Executive Insights: Chile Central Bank Governor Mario Marcel Cullell

Governor of the Central Bank of Chile shares insights withGlobal Finance.

Global Finance: What has been the impact of the Covid-19 pandemic on the Chilean economy? What are your expectations for the rest of 2020 and for 2021?

Mario Marcel Cuellell: As has happened throughout the world, the macroeconomic scenario is determined by the development of Covid-19 and the measures taken to protect the health of the population. After a sharp fall at the beginning of the second quarter, registering a drop of 14.1%, the Chilean economy in recent months has shown signs of stabilization, an incipient improvement in some sectors, such as commerce, and deterioration in others.

For the rest of 2020, the greatest challenges are to reverse the loss of jobs, the decline in household income and the deterioration of consumption and maintain a flow of credit in line with the needs of working capital and investment of companies. The CBC will continue to maintain a highly expansionary monetary policy and will continue to be vigilant to prevent risks to financial stability.

GF: What has the Central Bank of Chile been doing to support the economy and contain poverty during the current recession?

Marcel: The CBC has adopted a series of measures aimed at providing liquidity to the markets and stimulating the flow of credit to the productive sector, in order to avoid a more severe disinflationary cycle and prevent risks to financial stability, which could raise the economic and social cost of the current shock.

Over the past 10 months, the CBC has cut the policy rate by 125 basis points to its effective zero lower bound at 0.5%, and implemented a dozen measures to provide liquidity to markets and to foster lending to firms most affected by the lockdown. Credit measures amount to a combined 15% of GDP, mainly around a medium-term liquidity facility to banks, conditional on credit expansion—the so-called Facilidad de Crédito Condicional al Incremento de las Colocaciones (FCIC) program. This scheme provides four-year loans at the 0.5% policy rate, conditional on growth in corporate and consumer lending, increasingly weighted toward small and medium-size enterprises (SMEs).

The response of bank credit has been largely positive. Corporate lending has been growing at a double-digit rate in real terms, year-on-year, over recent months, making it the first case of countercyclical lending in recent history. In particular, banks have used liquidity to allow the drawdown of credit lines by corporations, 1.2 million rollover operations and 180,000 working-capital loans with an SME share largely above historical averages. Long-term interest rates have responded well to monetary policy decisions, forward guidance and nonconventional tools.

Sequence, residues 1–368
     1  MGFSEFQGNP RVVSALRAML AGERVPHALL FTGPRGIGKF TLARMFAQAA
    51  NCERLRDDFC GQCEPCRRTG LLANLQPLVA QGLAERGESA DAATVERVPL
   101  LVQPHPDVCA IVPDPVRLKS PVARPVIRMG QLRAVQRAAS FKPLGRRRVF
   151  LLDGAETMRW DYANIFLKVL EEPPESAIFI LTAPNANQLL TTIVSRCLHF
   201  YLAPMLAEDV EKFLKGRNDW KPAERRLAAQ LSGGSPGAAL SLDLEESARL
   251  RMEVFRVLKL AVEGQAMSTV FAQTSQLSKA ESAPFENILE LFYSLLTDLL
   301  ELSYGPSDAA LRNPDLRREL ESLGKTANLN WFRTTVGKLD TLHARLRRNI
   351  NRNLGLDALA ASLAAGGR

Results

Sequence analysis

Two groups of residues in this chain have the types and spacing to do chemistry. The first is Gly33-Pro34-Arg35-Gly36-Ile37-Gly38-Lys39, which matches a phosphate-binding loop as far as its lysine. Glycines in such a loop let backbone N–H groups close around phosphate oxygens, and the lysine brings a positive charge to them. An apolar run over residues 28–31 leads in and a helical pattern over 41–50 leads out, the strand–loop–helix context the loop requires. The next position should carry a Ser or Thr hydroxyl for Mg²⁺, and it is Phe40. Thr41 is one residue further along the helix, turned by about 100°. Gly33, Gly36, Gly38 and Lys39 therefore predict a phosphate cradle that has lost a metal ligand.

In June, the CBC resolved to establish a second program for a global amount equivalent to $16 billion, with financial conditions similar to the first facility, aimed at deepening and extending commercial credit to respond to the prolongation of the health emergency. Also, at the CBC’s request, the IMF granted access to a Flexible Credit Line (FCL) equivalent to nearly $24 billion, a figure greater than 60% of the International Reserves, valid for two years. With this, to a total of 92.2% International Reserves—which is a level similar to China, Indonesia, Hungary and Turkey­—there are added 51.4% of sovereign wealth funds and 55.1% of FCL (totaling 198.7%).

GF: How is Chile doing in comparison to the region?

Marcel: The evolution of infections depends, to an extent, on the living conditions of the population, which are heterogenous in the region in terms of sanitary conditions, shelter and socioeconomic status. In this regard, Chile found itself relatively well placed, with an adequate supply and rapid replacement of medical equipment that has prevented a collapse of the health network. [In Chile] the virus reproduction rate is below one, after being among the highest in the region.

The majority of Latin American authorities imposed strict confinement measures, many of them before other governments in the world, causing significant drops in the mobility of people in April, which has tended to recover since then. However, the dynamics of contagion in the region still look complex, with a majority of countries still not reducing the curve of contagion.

The economic crisis found the region in an unfavorable situation for an aggressive fiscal response. Despite this, some countries, such as Brazil, Chile and Peru, have announced important fiscal measures as a percentage of GDP (6.5%, 7.7% and 8.1%, respectively).

The response from central banks has been aggressive. In many cases, policy rates are estimated to be in negative territory, for example, for Chile, Colombia and Peru. The developments in financial markets suggest that the actions of monetary authorities managed to control volatility in the markets, although with a higher level of risk for the entire block of emerging economies. Monetary policy has allowed credit to behave countercyclically in the region, as has been observed in advanced economies. In the case of Chile, this has been a distinctive element in contrast to previous crisis episodes, in which commercial credit had a pro-cyclical dynamic.

In this sense, the support of public policies, including central banks, will be essential to sustain the recovery. This crisis will leave important marks that serve as a unique opportunity to learn fundamental lessons for the future.